Ye said she normally spent five hours every day in the pool for nine years and in Australia she was able to fine-tune her stroke efficiency, starting and turning.

Cotterell, Australian distance swimmer Grant Hackett's mentor, said Ye had "unparalleled gifts".

"She's a little girl with a lot of strength and power. She may even get better given that she's improved a lot in Australia," Cotterell told China Central Television on Tuesday.

Meanwhile, Brazil's freestyle sprinter Cesar Cielo, who won the 50m free at the Beijing Olympics, believed Ye's last 50m achievement is easily explained.

"I think it's possible (for a woman to outperform a man in last leg sprint)," Cielo told China Daily.

"She's 16. I think she can swim fast because the structure of her body really makes a lot of difference in terms of speed."

With all eyes on Ye's incredible-fast last sprint, many may fail to realize that her world-record time was still 23 seconds slower than Lochte's winning time, and many other male swimmers were faster than Ye over the final 50m.

Ye started swimming at the age of six after her kindergarten teacher noticed she had much larger hands and feet than other children. Drafted into the national team three years ago, Ye made her first splash at the 2010 Guangzhou Asian Games by bagging 200m and 400m in the individual medley before hitting international headlines at last year's Worlds, where she won the 200m.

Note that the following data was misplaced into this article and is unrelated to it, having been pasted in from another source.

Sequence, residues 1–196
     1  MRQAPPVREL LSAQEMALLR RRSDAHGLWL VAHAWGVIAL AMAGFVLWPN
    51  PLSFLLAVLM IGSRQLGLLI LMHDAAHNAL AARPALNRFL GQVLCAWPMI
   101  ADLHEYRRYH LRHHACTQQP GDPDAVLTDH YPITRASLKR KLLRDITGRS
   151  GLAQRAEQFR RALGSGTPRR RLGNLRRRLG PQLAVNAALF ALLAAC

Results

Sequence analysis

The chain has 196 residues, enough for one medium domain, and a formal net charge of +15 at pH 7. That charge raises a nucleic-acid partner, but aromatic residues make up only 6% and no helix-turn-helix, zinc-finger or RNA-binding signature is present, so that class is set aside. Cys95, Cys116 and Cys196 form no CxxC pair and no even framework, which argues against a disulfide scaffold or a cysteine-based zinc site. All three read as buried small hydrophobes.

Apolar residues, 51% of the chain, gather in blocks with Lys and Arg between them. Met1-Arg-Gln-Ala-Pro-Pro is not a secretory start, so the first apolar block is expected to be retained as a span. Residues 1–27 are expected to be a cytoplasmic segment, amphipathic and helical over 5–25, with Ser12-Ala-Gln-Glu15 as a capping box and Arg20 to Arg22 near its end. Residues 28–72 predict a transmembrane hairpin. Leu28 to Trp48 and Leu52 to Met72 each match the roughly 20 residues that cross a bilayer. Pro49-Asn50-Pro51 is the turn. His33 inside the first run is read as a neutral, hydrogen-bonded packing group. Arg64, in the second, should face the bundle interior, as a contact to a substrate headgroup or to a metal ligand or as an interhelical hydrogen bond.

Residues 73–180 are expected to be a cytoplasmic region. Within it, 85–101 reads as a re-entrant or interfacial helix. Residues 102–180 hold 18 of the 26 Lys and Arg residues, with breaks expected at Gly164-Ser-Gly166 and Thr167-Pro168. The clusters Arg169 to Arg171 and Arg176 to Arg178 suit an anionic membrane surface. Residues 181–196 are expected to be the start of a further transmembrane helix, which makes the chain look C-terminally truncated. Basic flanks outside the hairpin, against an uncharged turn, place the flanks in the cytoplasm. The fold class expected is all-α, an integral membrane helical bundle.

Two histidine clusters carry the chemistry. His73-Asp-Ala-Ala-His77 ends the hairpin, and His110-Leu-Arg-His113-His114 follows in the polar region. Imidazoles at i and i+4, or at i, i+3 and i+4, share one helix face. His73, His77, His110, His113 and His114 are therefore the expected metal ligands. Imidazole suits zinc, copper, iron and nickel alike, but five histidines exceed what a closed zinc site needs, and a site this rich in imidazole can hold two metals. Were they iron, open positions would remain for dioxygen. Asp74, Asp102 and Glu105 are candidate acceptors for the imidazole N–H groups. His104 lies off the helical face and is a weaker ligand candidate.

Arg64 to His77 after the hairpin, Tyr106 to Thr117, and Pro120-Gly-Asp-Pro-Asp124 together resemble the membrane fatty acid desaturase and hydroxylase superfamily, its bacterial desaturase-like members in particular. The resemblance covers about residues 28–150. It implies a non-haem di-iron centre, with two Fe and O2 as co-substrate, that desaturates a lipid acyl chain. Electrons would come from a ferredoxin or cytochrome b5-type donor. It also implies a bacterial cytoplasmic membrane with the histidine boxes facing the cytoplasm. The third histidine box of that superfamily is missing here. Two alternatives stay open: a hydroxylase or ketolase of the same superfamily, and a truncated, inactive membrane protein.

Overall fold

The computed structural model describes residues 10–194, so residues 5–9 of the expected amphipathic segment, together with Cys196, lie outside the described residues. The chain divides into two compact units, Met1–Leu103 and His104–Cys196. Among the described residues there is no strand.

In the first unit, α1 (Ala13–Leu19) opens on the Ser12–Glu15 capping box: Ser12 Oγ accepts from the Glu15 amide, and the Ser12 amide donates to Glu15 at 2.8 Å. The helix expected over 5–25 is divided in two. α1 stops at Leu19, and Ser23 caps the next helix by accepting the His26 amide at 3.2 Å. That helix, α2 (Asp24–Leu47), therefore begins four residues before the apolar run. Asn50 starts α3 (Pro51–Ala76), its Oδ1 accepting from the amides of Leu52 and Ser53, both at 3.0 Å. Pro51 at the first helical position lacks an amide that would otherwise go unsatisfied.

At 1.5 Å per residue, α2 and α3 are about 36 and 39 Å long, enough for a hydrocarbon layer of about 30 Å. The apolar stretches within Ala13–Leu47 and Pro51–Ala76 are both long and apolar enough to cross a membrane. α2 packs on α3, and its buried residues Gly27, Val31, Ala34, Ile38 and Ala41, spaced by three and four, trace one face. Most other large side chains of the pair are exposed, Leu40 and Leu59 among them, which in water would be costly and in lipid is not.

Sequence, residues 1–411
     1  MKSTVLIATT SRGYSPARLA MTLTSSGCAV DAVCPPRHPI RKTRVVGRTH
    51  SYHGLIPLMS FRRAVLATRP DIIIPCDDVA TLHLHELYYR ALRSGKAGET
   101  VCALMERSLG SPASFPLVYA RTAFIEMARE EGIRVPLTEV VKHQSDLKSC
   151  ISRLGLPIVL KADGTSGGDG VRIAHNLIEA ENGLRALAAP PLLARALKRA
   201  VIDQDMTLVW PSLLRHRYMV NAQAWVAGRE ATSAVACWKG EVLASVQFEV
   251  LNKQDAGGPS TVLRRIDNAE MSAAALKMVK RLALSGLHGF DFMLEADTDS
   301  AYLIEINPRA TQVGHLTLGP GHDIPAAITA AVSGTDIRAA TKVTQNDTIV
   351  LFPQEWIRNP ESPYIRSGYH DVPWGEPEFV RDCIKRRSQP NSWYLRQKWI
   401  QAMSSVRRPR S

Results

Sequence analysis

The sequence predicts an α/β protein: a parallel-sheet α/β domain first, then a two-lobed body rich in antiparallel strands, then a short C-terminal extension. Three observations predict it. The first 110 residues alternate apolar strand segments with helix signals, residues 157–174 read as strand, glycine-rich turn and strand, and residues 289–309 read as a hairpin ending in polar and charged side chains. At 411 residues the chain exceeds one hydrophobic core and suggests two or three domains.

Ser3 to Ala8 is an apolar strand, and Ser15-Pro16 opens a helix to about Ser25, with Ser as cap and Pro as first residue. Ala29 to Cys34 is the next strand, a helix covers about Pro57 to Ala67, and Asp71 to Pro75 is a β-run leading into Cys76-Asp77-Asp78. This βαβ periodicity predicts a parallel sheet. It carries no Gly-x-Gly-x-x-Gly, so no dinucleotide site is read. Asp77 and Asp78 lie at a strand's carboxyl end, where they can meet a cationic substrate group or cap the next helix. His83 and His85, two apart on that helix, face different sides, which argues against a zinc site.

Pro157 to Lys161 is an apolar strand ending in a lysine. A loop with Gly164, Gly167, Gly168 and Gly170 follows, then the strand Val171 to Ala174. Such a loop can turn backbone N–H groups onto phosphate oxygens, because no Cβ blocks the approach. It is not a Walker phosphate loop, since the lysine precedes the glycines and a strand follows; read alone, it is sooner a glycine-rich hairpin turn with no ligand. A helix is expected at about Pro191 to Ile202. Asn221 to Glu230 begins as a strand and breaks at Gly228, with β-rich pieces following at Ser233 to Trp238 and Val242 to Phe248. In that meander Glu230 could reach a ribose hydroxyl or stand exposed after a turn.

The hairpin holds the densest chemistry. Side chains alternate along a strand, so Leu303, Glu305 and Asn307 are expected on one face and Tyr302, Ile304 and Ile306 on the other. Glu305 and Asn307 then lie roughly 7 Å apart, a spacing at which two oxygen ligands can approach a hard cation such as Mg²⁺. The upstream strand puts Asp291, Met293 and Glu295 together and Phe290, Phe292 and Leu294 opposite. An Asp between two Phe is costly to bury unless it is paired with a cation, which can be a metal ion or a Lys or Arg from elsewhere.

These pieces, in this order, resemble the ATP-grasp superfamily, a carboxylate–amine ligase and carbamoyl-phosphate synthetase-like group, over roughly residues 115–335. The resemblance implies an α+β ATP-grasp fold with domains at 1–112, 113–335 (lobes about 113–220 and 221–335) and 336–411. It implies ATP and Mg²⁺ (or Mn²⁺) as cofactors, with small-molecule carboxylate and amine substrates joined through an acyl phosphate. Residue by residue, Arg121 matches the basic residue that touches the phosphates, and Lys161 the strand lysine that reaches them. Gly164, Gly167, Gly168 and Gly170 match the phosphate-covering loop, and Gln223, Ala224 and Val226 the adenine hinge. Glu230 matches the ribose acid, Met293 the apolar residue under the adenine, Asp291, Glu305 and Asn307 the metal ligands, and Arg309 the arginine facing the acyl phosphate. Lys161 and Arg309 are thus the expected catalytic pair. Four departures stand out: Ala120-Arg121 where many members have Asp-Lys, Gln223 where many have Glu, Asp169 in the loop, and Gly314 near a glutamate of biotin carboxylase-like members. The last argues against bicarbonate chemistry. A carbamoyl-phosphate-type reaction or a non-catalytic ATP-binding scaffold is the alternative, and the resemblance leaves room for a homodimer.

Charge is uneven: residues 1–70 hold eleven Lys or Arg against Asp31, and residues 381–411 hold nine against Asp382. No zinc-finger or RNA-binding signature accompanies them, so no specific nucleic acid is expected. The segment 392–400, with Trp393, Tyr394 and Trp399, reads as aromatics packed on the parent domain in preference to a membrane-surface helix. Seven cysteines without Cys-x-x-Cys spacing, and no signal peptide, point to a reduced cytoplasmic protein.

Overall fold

The US team women's head coach Teri Mckeever said people questioned Ye's results out of context (of her previous races).

"Unfortunately, some people just jump to conclusions when they see something they think was impossible," she said. "It's not like we haven't seen her before, she's won a world championship."

Michael Phelps' coach Bob Bowman said performances like Ye's do happen.

"One of the interesting things about swimming is people don't swim the same way," Bowman was quoted as saying by AP.

"They have to swim the way their body is made, so that's what she's doing. She's taking advantage of her size of (hands and feet).

"The girl has good technique. She had an amazing last 100, but people do amazing things sometimes," he added.

Support from Bowman is a great motivation for Ye, who regards Phelps as her idol. She hopes to emulate his achievements.

"He's been a model for me for many years. I hope I can win as many medals as he did but all I can do is to try my best," Ye said.


1. In what swimming events at the London Olympics did Ye win gold?

2. How old is Ye?

3. How many hours does Ye normally spend in the pool everyday?


1. 200- and 400-meter individual medleys.

2. 16 years old.

3. Five hours.

(中国日报网英语点津 Helen 编辑)

Yeah! She Won

About the broadcaster:

Yeah! She Won

Rosie Tuck is a copy editor at the China Daily website. She was born in New Zealand and graduated from Auckland University of Technology with a Bachelor of Communications studies majoring in journalism and television. In New Zealand she was working as a junior reporter for the New Zealand state broadcaster TVNZ. She is in Beijing on an Asia New Zealand Foundation grant, working as a journalist in the English news department at the China Daily website.